A Pierce County judge on Friday ordered that an audio recording made inside a juvenile courtroom after official proceedings had ended be turned over to a criminal defendant for possible use during his trial.
A lawyer for Michael Williams II, 19, sought the July 31 recording, saying it might be useful as she prepares to defend him against charges of human trafficking, kidnapping and other felonies.
The audio was captured using technology called Court Smart, which provides an official record of court proceedings. The recording includes comments by the mother of a girl who Williams allegedly victimized.
The girl was being detained at the Remann Hall juvenile detention center as a material witness at the time, and her status was the subject of the hearing before Judge Susan Serko.
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Serko had left the bench and the girl was being led back into a secured area at juvenile court when her mother shouted at her from across the courtroom, court records show.
The Court Smart recorder was still running, according to the records.
Defense attorney Mary Kay High said the mother’s comments were derogatory toward the defense team and also meant to communicate to the girl that she should not cooperate during a pending defense interview.
That material might be relevant during cross-examination of the girl and her mother should the case go to trial and they be called as prosecution witnesses, High argued.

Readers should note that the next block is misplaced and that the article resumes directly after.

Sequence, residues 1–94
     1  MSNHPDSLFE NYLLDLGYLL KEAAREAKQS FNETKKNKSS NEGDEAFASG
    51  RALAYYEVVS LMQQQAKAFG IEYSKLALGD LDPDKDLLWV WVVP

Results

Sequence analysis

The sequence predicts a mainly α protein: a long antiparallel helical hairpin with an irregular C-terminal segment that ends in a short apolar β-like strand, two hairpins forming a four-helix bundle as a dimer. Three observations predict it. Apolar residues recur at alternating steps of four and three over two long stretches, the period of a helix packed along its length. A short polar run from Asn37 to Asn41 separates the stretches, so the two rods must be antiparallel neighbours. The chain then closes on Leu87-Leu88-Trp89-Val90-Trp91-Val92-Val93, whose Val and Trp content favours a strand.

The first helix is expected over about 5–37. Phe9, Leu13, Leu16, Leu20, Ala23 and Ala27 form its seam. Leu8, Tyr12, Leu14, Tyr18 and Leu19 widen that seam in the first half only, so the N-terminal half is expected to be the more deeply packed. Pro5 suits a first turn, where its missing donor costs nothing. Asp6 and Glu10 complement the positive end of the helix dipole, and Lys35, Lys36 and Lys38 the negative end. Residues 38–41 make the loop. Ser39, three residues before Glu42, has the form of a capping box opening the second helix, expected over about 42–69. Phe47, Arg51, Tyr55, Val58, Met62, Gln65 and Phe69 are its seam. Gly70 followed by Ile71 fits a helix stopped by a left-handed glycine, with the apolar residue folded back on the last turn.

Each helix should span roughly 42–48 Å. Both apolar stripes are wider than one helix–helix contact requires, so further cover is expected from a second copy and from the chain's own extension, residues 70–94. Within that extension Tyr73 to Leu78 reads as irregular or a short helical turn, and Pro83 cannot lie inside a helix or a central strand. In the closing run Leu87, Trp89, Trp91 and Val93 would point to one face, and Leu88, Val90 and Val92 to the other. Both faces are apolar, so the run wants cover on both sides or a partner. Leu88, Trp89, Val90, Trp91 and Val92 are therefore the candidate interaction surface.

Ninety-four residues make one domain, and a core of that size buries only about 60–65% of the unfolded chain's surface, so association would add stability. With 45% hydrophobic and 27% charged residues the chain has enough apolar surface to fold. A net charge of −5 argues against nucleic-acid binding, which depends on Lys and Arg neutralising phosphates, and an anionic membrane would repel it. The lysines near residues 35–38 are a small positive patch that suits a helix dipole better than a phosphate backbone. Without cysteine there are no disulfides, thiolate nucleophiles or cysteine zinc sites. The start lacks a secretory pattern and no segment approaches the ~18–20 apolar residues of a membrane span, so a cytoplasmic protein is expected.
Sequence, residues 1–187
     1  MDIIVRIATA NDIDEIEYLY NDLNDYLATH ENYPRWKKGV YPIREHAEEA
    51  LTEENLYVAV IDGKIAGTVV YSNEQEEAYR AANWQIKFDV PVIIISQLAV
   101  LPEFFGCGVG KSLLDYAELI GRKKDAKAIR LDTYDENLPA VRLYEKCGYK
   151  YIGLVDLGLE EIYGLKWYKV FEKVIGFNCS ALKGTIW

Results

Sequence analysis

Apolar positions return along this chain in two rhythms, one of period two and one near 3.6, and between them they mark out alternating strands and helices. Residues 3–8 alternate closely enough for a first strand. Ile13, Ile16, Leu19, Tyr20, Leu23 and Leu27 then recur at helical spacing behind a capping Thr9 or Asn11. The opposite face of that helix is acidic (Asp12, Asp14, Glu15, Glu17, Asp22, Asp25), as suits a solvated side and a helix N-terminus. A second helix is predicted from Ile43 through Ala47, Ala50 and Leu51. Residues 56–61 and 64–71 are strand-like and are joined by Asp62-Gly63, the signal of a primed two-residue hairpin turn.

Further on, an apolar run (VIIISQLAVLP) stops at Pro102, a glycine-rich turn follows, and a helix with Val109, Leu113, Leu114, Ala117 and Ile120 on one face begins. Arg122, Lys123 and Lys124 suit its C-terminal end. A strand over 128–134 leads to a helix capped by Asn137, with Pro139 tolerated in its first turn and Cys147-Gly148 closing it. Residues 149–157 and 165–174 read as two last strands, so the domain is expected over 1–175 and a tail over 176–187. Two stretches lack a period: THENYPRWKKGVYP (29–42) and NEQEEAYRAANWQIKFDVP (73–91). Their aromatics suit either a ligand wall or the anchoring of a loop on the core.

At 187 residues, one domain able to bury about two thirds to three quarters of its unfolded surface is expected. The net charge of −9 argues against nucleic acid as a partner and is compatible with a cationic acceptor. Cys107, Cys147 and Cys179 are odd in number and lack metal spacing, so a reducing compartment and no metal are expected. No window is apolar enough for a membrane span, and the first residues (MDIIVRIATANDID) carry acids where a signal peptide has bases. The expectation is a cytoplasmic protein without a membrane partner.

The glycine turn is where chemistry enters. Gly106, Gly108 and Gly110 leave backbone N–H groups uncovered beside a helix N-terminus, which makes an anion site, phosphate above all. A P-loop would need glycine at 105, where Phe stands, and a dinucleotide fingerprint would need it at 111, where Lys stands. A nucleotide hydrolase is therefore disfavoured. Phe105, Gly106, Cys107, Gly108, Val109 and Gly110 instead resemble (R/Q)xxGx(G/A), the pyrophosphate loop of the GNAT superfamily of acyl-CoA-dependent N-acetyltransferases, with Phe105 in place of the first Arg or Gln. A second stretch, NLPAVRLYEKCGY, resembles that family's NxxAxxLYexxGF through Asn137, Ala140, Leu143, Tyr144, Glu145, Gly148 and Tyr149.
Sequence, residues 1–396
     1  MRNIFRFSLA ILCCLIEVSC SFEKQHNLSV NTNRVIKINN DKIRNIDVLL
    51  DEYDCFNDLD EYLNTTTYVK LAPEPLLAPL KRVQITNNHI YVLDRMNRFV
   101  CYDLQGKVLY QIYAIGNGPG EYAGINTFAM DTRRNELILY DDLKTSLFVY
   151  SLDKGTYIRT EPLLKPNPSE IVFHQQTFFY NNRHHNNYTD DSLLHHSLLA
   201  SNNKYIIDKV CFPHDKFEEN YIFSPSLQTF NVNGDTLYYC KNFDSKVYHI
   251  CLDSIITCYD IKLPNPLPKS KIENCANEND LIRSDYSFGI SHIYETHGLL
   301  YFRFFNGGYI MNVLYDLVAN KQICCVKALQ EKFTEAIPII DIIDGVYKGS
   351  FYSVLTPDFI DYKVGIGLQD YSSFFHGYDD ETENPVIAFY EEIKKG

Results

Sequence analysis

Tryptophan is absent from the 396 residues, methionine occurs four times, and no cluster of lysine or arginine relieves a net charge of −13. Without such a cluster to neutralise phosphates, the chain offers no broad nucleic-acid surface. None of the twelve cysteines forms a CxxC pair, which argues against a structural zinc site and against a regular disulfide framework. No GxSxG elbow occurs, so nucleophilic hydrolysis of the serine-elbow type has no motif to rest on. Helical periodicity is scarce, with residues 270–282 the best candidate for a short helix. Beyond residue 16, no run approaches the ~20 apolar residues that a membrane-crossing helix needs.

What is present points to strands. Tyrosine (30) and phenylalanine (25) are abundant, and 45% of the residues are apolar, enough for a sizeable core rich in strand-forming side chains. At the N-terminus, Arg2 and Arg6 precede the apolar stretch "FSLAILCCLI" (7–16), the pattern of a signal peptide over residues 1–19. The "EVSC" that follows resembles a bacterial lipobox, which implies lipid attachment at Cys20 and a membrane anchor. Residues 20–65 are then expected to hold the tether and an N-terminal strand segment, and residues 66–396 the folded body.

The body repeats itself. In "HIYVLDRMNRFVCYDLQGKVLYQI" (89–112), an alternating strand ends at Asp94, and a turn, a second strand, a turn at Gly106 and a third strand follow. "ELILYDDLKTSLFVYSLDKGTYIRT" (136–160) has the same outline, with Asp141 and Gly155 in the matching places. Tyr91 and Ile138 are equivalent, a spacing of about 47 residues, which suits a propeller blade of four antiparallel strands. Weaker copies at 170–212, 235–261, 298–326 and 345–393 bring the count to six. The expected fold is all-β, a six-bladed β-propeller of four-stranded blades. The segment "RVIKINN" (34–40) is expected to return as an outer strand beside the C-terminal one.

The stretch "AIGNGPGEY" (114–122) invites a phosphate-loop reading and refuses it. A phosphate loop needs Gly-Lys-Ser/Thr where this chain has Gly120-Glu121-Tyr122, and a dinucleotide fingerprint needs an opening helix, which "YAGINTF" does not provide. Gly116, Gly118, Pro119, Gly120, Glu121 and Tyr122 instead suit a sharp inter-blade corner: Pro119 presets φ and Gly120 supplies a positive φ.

“Where the witness sought to be cross-examined is the state’s witness providing an essential link in the prosecutor’s case, the importance of full and searching cross-examination to disclose possible bias, prejudice, truthfulness, interest or misconduct is substantially increased,” High wrote in pleadings.
Deputy prosecutor Alicia Burton argued on behalf of juvenile court, which declined to provide a copy of the recording to High. Burton had listened to the recording before coming to court Friday.
Burton, who is not prosecuting Williams, characterized the mother’s comments as being supportive of her daughter, not disparaging of the defense or coaching the girl on how to answer questions.
The deputy prosecutor told Judge Michael Schwartz there was some concern the mother’s comments might be construed as a private communication not subject to discovery rules and that the recording might have captured conversations of others in the courtroom.
She asked Schwartz to review the recording privately before making a decision about what, if any of it, should be released.
Schwartz sided with High and ordered the recording turned over to the defense as soon as possible.
“I do believe the defendant, Mr. Williams, is entitled to a copy of this recording to assist him in preparing his defense,” the judge said.
Schwartz postponed making a decision on whether Williams was entitled to review the state Department of Social and Health Services files of the girl and another juvenile witness in the case.
Burton argued against their release.
The judge said he will review them privately before making a decision.